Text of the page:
New Analysis and Science Answer Governor Cuomo’s Concerns about Science: Studies Overwhelmingly Show Public Health Hazards and Risks
Health Professionals Urge Governor Cuomo to Enact 3-5 Year Moratorium on Fracking given Scientific Studies and Trends
Albany – Health professionals and scientists released two new, independent summations of the state of the science on the risks and harms of shale gas development and fracking. The two documents – which have both been sent to Governor Cuomo and Acting Health Commissioner Dr. Zucker – address speculation and concerns raised by Governor Cuomo this fall about the status of scientific inquiry into the impacts of shale gas development, decisively showing that independent, peer-reviewed studies overwhelmingly identify environmental and public health hazards and risks of shale gas development.
The first is a new working paper analysis from the energy science organization, PSE Healthy Energy. Covering a wide range of outcomes—air pollution, water contamination, and public health—the PSE Healthy Energy analysis is a statistical evaluation of the approximately 400 peer-reviewed studies to date on the impacts of shale gas development. Among the key findings:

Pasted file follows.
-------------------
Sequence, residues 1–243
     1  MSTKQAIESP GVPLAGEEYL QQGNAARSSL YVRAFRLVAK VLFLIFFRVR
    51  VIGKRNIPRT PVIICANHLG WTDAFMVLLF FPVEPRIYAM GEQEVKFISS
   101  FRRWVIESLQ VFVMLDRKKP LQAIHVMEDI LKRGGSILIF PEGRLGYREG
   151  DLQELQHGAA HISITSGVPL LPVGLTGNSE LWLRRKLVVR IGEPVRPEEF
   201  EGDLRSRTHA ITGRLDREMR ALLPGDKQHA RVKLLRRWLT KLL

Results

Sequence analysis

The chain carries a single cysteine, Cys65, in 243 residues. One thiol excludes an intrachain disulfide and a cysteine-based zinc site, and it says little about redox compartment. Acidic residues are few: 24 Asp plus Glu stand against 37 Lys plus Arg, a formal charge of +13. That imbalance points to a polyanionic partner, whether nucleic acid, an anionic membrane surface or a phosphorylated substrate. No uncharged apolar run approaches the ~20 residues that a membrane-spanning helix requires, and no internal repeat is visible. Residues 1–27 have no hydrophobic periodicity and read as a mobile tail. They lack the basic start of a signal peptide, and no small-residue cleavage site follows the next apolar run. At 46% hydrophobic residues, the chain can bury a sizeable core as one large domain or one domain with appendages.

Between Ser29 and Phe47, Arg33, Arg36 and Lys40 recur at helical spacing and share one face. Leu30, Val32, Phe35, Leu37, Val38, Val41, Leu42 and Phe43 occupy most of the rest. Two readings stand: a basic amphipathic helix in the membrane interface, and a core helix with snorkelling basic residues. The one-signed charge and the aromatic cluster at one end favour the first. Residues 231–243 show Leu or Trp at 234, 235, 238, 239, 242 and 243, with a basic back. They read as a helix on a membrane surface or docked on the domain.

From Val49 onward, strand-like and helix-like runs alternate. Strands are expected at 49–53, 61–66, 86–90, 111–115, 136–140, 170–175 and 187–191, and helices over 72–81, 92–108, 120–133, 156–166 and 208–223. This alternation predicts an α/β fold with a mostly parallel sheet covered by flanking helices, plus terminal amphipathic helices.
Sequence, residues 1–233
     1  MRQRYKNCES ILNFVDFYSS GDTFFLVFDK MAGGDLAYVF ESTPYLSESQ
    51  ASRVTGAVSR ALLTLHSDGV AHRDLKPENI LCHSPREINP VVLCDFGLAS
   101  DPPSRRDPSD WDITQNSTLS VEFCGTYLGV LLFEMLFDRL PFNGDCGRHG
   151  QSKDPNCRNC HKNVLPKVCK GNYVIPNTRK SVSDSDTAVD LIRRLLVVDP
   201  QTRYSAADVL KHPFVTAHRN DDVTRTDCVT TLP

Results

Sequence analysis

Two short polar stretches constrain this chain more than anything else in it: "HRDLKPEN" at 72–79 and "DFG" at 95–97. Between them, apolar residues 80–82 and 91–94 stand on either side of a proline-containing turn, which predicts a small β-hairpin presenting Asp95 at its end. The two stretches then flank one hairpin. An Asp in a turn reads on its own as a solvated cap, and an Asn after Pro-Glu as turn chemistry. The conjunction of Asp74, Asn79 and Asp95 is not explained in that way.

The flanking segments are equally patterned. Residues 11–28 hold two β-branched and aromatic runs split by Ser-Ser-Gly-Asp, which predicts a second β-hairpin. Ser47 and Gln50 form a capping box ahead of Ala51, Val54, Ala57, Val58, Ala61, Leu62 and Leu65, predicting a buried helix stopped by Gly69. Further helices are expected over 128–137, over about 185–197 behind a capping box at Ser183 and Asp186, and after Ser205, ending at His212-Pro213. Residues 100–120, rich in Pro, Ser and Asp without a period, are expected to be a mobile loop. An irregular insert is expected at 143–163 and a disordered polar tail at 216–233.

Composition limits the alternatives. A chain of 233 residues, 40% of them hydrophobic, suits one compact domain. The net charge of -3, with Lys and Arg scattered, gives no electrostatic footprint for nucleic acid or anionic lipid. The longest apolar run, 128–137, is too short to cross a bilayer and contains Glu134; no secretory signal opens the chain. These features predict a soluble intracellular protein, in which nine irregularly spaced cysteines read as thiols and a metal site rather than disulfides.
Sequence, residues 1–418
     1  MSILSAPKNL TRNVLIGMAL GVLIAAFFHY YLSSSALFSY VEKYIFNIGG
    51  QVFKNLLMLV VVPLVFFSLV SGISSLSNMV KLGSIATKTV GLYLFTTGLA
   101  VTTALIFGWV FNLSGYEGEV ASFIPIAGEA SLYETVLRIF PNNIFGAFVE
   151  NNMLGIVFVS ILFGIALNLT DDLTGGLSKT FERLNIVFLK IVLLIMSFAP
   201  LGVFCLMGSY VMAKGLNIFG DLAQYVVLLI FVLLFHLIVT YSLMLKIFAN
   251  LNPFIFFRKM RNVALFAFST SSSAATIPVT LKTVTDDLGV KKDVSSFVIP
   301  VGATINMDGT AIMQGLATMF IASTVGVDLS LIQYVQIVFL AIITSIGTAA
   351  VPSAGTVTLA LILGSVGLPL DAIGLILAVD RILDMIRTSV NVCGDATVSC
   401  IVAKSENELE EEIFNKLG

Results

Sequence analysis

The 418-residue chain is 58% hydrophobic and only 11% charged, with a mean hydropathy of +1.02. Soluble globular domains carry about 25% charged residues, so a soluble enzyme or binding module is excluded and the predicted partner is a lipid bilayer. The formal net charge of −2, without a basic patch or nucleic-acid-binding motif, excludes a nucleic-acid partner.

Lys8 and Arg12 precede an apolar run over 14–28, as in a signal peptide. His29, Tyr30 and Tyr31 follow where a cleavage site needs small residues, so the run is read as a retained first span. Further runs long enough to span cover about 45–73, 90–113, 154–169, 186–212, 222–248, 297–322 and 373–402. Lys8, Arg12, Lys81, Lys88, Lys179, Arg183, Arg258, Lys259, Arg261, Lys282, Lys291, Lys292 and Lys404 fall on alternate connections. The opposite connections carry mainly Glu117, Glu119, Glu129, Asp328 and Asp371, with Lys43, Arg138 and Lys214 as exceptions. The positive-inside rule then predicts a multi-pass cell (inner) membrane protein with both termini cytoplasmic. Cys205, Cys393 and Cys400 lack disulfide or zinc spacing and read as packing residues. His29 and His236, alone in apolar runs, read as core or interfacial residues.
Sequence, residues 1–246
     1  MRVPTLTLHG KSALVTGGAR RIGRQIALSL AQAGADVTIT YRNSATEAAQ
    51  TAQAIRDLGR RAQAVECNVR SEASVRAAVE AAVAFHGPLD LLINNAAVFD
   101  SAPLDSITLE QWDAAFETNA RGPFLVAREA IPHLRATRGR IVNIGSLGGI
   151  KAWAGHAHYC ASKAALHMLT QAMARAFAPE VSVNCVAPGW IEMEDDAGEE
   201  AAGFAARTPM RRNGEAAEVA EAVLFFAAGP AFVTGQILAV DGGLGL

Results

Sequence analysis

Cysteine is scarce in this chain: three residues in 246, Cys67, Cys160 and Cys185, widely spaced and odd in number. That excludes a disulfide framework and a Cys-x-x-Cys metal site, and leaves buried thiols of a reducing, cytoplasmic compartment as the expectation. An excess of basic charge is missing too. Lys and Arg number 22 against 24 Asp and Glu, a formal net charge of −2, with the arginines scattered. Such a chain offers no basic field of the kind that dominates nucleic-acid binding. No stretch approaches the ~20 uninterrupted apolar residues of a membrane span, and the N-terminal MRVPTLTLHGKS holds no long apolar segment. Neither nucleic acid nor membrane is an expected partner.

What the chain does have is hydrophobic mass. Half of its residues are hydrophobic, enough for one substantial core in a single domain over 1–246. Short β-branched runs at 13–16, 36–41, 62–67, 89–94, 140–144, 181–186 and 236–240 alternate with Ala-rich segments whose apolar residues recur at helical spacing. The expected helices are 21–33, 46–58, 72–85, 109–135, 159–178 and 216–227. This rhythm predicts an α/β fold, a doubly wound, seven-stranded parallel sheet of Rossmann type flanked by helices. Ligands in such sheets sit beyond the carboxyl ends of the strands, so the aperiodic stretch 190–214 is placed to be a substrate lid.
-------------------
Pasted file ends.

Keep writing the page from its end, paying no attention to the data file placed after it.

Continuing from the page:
- 96% of all papers published on health impacts indicate potential risks or adverse health outcomes.
- 87% of original research studies published on health outcomes indicate potential risks or adverse health outcomes.
- 95% of all original research studies on air quality indicate elevated concentrations of air pollutants.
- 72% of original research studies on water quality indicate potential, positive association, or actual incidence of water contamination.
- There is an ongoing expansion in the number of peer-reviewed publications on the impacts of shale and tight gas development: approximately 73% of all available scientific peer-reviewed papers have been published in the past 24 months, with a current average of one paper published each day.